According to the detailed journals of Spanish surveyors who were the first Europeans to explore the Bay, what is now the Emeryville Shellmound was already abandoned before Spanish invasion in the 1700s. It wasn't long after the Spanish came that the destruction of the mound began. Luis Peralta, the Spanish soldier who had received a land grant of the entire East Bay as a reward for his military service (mostly killing Indians, actually) apparently used the base of the mound as a place to corral and slaughter his cattle. Or maybe his son Vicente who settled in the Temescal area actually did the cattle ranching – I have to read up on this more at some point.

In the 1870s the enormous mound was turned into a sort of local amusement park (the Bay Area had a number of these places, but that's another post). Developers chopped the top off the mound to add a pavilion where (white) revelers could watch the Bay while they got loaded and literally danced on the graves of the indigenous dead.

1902 photo (published in 1907) of Shellmound Park, from the University of California's collection

In 1924, the mound suffered a greater blow. Steam shovels removed the bulk of it to make way for paint and pesticide factories. At the time of the destruction, the mound's importance was already well-understood, even by non-native people. It had been twice excavated by researchers from the University of California - this overview of Bay Area shellmounds was written by one N.C. Nelson in the early 1900s. While the language is peppered with outmoded and racist ideas about the coastal tribes, the often lovely descriptions of the mounds make clear that anthropologists understood at least some of their significance.

toxic emeryville.jpg
Rusting factories on the remaining portion of the mound

The factories were torn down in the late '90s. While City of Emeryville officials were in the midst of deciding how to develop the at that point vacant land, a particularly heavy rainy season upset the ground where the factories had been leaching arsenic, heavy metals, and other poisons for more than 70 years, and toxic runoff started to pour into the Bay. The city hired workers to stop the runoff, and as they dug holding pools, the workers discovered that a large portion of the Shellmound, thought to be totally destroyed, was still there just under the topsoil. The City hired an archaeologist who reported that the area was "massively significant". They promptly fired him. They also brought in the Native American Heritage Commission, which appointed a "Most Likely Descendant" of the dead found inside the mound.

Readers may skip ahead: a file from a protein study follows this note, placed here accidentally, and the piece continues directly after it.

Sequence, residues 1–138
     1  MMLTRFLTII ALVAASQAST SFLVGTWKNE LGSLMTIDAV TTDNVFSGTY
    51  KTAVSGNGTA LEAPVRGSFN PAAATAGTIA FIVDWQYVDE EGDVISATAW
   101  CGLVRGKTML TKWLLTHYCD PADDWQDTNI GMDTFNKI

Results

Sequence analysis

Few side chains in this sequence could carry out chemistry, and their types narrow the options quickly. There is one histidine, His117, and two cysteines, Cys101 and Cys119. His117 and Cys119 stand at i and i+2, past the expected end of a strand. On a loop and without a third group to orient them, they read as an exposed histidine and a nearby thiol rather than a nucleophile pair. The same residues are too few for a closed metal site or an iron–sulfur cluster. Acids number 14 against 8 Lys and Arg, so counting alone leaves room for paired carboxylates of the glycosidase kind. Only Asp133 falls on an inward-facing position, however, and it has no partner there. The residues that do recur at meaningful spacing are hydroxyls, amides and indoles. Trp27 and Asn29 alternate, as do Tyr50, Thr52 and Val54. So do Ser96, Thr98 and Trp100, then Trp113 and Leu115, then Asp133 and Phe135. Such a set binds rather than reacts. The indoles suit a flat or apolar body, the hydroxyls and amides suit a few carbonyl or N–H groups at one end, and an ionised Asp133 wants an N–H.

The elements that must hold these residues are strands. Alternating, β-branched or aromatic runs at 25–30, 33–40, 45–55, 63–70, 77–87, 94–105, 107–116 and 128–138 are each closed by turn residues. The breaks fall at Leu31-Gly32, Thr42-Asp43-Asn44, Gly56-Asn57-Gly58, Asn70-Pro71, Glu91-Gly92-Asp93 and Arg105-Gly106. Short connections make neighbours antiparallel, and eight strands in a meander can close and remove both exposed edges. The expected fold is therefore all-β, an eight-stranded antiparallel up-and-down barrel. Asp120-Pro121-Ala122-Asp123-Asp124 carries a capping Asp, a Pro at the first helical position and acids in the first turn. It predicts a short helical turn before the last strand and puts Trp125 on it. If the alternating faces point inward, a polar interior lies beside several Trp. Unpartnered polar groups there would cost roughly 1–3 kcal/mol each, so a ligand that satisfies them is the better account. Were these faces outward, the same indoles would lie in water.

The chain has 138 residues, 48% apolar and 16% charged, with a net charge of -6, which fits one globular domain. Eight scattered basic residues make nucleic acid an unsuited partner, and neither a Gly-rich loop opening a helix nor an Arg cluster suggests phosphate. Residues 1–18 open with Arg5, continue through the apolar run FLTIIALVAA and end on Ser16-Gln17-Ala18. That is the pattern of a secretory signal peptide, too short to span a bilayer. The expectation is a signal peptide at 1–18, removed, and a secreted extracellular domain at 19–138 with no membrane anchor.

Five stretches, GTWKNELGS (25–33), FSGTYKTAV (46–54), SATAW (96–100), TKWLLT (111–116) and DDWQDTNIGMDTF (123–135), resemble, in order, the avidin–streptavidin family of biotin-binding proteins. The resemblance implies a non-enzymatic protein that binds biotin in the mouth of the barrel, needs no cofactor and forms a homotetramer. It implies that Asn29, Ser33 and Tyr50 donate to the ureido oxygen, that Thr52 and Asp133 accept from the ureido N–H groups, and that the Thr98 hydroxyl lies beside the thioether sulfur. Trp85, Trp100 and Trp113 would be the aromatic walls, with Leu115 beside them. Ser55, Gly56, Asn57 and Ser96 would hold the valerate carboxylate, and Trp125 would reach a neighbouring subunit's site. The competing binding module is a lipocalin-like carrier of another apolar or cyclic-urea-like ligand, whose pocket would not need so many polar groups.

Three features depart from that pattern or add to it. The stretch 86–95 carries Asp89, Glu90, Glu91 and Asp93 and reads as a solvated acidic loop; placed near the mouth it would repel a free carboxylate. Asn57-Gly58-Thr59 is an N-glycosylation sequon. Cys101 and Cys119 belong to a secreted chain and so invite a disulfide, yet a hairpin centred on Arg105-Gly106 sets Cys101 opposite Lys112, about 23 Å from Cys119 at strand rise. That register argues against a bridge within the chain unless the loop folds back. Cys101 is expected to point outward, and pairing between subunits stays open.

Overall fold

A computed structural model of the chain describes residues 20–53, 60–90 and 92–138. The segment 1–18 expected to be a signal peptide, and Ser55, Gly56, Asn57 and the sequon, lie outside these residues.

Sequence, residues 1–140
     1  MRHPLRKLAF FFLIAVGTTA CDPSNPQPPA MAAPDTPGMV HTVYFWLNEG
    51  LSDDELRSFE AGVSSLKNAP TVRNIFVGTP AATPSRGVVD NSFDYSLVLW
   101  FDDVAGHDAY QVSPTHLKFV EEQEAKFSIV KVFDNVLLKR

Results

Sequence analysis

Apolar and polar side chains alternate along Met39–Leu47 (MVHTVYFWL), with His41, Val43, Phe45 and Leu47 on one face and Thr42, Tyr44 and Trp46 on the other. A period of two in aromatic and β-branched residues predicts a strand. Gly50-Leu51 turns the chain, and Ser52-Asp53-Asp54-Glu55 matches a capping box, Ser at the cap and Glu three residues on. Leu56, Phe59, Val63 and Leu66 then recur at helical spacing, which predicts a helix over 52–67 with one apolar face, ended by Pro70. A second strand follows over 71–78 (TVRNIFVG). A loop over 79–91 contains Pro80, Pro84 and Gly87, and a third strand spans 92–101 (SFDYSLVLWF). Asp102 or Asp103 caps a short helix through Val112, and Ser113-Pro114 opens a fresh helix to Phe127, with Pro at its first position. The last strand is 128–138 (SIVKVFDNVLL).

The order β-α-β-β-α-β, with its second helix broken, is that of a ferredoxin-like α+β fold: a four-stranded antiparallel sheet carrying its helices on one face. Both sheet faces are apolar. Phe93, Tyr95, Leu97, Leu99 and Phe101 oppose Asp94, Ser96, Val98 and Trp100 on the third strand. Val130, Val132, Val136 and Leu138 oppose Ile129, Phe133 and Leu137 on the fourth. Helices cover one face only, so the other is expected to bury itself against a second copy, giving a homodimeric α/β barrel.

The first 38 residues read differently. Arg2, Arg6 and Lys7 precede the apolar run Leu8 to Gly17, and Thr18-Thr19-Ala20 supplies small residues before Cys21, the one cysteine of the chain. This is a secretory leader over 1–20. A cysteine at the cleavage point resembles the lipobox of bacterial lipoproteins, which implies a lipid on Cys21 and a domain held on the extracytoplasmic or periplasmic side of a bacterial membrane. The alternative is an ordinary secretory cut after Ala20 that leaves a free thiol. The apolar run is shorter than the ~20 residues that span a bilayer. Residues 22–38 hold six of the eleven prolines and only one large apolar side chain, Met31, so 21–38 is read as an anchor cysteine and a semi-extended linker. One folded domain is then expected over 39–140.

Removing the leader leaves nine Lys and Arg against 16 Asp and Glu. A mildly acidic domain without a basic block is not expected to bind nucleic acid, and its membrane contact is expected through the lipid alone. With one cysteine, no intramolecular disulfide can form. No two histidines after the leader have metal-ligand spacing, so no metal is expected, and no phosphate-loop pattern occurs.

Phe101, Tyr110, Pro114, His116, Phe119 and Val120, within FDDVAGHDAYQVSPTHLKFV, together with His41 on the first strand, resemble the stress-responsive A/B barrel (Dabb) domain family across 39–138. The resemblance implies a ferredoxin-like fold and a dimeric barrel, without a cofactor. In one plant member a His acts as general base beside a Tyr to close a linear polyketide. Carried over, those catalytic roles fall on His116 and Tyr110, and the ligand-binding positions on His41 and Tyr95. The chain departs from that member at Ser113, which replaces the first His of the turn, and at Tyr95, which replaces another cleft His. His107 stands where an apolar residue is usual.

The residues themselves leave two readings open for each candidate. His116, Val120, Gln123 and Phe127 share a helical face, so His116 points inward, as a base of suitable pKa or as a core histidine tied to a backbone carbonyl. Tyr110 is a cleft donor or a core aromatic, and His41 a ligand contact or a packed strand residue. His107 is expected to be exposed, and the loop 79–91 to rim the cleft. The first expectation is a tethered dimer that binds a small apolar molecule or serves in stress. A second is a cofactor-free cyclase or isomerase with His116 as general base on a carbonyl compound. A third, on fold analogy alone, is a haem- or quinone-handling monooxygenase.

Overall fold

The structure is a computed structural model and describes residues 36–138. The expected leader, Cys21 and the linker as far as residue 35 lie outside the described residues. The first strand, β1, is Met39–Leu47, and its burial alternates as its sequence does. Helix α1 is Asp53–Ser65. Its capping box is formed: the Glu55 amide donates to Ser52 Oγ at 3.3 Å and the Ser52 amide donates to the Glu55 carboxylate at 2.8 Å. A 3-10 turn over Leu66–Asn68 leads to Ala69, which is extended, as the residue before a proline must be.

Abalone Pendant.jpg
An abalone pendant from the mound
It should be obvious that the descendants of the ancient people who lived in the Bay Area do not speak with one voice. Historian Andrew Galvan, an Ohlone, favored exploring the mound for its archaeological value. But the local tribal community, officially represented in this case by 'most likely descendant' Katherine Perez, tended to oppose further excavation and instead pushed for reburial of the remains and sealing of the mound. For it's part, the City of Emeryville was under no legal obligation to listen to anyone, so they followed their pocketbooks by limiting the controversial archaeological research and allowing developers to move forward with building the Disney-esque shopping/entertainment/living complex that we have today.

When I walk into the Bay Street Mall my heart breaks. What kills me is how very many people are drawn there. On the immaculate, privately owned and maintained streets I see people of every ethnicity and age. Gay and lesbian folks. Transgender folks. The wealthy and the working class. I've even spotted one of the Bay's favorite leftist hip hop artists dining at California Pizza Kitchen (hey, I was dining there myself). There is a way that the Mall is like my dream of an idealized Bay Area where all kinds of people can be both themselves and be together, working, eating, laughing, but it's the looking-glass ideal. Behind the mall are minimum-wage retail workers, piles of clothes and toys and things, made by sweatshop workers in China, the environmental cost of the hundreds of cars stacked in the parking lots. And most painful, the mall's foundations, which rest on human remains.